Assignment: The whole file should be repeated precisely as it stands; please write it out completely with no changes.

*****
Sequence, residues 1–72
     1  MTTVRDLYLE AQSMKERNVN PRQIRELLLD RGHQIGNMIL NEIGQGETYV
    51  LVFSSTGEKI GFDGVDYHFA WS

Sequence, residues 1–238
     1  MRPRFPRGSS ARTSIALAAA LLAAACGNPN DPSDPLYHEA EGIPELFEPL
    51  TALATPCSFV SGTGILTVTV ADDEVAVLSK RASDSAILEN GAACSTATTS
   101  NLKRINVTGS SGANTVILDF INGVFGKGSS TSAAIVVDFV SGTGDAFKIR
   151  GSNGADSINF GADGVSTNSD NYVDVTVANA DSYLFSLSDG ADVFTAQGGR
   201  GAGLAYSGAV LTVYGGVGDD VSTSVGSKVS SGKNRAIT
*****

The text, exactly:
Sequence, residues 1–72
     1  MTTVRDLYLE AQSMKERNVN PRQIRELLLD RGHQIGNMIL NEIGQGETYV
    51  LVFSSTGEKI GFDGVDYHFA WS

Sequence, residues 1–238
     1  MRPRFPRGSS ARTSIALAAA LLAAACGNPN DPSDPLYHEA EGIPELFEPL
    51  TALATPCSFV SGTGILTVTV ADDEVAVLSK RASDSAILEN GAACSTATTS
   101  NLKRINVTGS SGANTVILDF INGVFGKGSS TSAAIVVDFV SGTGDAFKIR
   151  GSNGADSINF GADGVSTNSD NYVDVTVANA DSYLFSLSDG ADVFTAQGGR
   201  GAGLAYSGAV LTVYGGVGDD VSTSVGSKVS SGKNRAIT